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What's going on here:

#include <stdio.h>
#include <math.h>
int main(void) {
    printf("17^12 = %lf\n", pow(17, 12));
    printf("17^13 = %lf\n", pow(17, 13));
    printf("17^14 = %lf\n", pow(17, 14));
}

I get this output:

17^12 = 582622237229761.000000
17^13 = 9904578032905936.000000
17^14 = 168377826559400928.000000

13 and 14 do not match with wolfram alpa cf:

12: 582622237229761.000000
    582622237229761

13: 9904578032905936.000000
    9904578032905937

14: 168377826559400928.000000
    168377826559400929

Moreover, it's not wrong by some strange fraction - it's wrong by exactly one!

If this is down to me reaching the limits of what pow() can do for me, is there an alternative that can calculate this? I need a function that can calculate x^y, where x^y is always less than ULLONG_MAX.

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43  
3  
yes but exactly one? –  trideceth12 Jan 30 at 9:45
9  
Fun fact: this loop does not terminate: for (float f = 0; f < INT_MAX; f++) { } –  ntoskrnl Jan 30 at 12:59
3  
The l in %lf does not do anything. You are printing doubles, and if your compilation platforms maps double to IEEE 754's double-precision format, you will never print 9904578032905937.0 this way, as there is no such double-precision number. –  Pascal Cuoq Jan 30 at 14:36
5  
@ntoskrnl: might not terminate. It did on Crays and systems where int was 16 bits. –  MSalters Jan 30 at 15:07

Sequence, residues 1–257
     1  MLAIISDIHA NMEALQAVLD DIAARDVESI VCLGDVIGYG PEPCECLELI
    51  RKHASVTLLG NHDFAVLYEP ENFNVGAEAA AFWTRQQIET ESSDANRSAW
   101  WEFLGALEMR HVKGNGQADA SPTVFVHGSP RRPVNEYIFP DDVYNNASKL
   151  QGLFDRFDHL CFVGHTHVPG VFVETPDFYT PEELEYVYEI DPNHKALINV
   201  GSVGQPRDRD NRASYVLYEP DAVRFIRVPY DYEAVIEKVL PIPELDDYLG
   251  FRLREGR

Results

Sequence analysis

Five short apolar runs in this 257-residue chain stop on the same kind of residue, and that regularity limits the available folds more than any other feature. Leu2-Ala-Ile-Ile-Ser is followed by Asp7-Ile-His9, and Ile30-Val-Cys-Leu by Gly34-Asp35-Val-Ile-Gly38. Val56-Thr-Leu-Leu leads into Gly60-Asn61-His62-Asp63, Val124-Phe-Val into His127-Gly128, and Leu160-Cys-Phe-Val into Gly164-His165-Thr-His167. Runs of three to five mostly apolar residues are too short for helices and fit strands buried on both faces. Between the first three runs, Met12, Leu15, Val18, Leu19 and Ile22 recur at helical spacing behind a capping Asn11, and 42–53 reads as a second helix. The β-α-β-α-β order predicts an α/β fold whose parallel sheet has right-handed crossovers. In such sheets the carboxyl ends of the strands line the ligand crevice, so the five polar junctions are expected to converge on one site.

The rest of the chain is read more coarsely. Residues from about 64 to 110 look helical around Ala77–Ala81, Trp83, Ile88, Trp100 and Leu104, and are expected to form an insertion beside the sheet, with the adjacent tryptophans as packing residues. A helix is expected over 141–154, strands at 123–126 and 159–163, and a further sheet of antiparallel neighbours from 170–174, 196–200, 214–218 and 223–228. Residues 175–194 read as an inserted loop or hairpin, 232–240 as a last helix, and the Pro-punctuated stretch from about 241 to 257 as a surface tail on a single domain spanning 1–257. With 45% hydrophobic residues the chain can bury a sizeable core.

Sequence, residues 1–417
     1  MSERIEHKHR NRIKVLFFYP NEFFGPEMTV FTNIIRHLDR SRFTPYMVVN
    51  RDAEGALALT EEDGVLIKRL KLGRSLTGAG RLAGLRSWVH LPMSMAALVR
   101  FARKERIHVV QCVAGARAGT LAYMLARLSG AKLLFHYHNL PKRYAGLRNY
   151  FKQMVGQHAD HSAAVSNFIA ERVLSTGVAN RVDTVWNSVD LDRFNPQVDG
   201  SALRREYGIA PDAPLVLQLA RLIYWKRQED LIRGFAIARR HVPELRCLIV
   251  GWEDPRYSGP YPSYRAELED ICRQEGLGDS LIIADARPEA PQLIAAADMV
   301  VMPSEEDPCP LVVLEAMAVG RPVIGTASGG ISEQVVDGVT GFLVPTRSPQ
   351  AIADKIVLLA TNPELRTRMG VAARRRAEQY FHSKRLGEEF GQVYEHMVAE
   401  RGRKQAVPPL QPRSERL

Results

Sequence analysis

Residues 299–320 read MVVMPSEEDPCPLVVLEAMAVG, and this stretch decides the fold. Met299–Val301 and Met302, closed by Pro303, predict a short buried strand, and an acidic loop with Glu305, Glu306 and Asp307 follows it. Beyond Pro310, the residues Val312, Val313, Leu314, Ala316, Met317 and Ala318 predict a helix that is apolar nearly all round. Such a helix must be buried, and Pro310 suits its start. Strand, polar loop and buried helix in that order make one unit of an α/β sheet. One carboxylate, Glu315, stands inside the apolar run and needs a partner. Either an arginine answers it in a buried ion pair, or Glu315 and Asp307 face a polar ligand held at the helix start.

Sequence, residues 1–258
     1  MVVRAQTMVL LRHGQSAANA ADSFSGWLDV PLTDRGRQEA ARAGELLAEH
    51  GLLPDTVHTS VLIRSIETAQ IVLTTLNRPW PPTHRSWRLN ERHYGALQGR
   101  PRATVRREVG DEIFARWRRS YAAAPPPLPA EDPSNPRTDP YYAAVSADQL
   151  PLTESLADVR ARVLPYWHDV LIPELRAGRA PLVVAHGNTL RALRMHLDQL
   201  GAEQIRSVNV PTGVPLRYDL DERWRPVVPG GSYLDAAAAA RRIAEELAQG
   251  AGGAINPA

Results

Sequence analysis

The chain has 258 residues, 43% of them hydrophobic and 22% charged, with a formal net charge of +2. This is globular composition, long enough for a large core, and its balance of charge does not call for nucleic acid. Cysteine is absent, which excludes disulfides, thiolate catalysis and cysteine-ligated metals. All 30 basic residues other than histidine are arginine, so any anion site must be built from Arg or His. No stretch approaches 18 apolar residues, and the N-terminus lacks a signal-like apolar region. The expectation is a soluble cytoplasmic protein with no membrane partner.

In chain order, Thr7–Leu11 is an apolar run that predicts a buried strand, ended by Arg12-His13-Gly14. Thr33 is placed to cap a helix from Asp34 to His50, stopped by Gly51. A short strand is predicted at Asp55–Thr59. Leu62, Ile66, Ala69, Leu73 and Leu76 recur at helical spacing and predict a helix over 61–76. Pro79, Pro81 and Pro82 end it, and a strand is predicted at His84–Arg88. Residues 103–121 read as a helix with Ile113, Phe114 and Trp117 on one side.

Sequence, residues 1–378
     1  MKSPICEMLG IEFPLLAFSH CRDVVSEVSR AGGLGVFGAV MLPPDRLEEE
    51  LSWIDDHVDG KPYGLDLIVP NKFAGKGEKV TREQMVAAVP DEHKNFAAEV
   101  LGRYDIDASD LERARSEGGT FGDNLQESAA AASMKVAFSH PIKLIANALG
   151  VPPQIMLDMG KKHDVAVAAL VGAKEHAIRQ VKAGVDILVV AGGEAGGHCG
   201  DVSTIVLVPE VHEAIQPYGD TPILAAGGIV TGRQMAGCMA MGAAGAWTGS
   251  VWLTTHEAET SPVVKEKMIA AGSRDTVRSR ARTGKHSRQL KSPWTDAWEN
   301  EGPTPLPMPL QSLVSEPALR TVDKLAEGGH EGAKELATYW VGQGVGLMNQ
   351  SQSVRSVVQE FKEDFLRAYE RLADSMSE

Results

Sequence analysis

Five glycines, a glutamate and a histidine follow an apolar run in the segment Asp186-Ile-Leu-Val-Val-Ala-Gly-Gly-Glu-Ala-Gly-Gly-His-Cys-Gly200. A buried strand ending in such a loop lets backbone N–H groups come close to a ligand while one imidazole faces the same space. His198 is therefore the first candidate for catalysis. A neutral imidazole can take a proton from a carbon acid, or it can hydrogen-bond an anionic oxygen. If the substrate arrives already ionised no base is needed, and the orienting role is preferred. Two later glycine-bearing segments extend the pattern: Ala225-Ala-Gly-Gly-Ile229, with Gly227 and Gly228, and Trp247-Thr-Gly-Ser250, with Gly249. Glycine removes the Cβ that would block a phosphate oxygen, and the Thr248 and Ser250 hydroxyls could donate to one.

4 Answers 4

up vote 64 down vote accepted

pow works with double numbers. These represent numbers of the form s * 2^e where s is a 53 bit integer. Therefore double can store all integers below 2^53, but only some integers above 2^53. In particular, it can only represent even numbers > 2^53, since for e > 0 the value is always a multiple of 2.

17^13 needs 54 bits to represent exactly, so e is set to 1 and hence the calculated value becomes even number. The correct value is odd, so it's not surprising it's off by one. Likewise, 17^14 takes 58 bits to represent. That it too is off by one is a lucky coincidence (as long as you don't apply too much number theory), it just happens to be one off from a multiple of 32, which is the granularity at which double numbers of that magnitude are rounded.

For exact integer exponentiation, you should use integers all the way. Write your own double-free exponentiation routine. Use exponentiation by squaring if y can be large, but I assume it's always less than 64, making this issue moot.

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2  
@trideceth12 That is the obvious way you should be doing. And it's too simple to constitute reinventing the wheel. Given that you're constrained into the range of a 64 bit integer and x and y are integers, there are neither precision issues to solve nor big performance challenges that call for sophisticated algorithms (10, 20 or even 60 multiplications are cheap, cheaper than any I/O for example). –  delnan Jan 30 at 9:58
8  
A bit of modular arithmetic: 17 % 16 = 1, so 17^n % 16 = 1 (meaning the four least significant bits in the binary representation of 17^n will always be 0001). –  tom Jan 30 at 10:10
3  
@tom That's what I meant by applying too much number theory +1 Though it's not a full explanation, as it needs to be 1 (as opposed to 17) modulo 32 to be off by one. There probably isn't much of a pattern though, 17^15 is more-than-one off. –  delnan Jan 30 at 10:22
5  
@delnan I missed 17^14 having five truncated bits. But 17^2 % 32 = 1, so 17^14 % 32 = (17^2)^7 % 32 = 1. –  tom Jan 30 at 10:40
5  
@trideceth12 There is the square-and-multiply algo which has runtime logarithmic in the exponent instead of linear. –  CodesInChaos Jan 30 at 16:00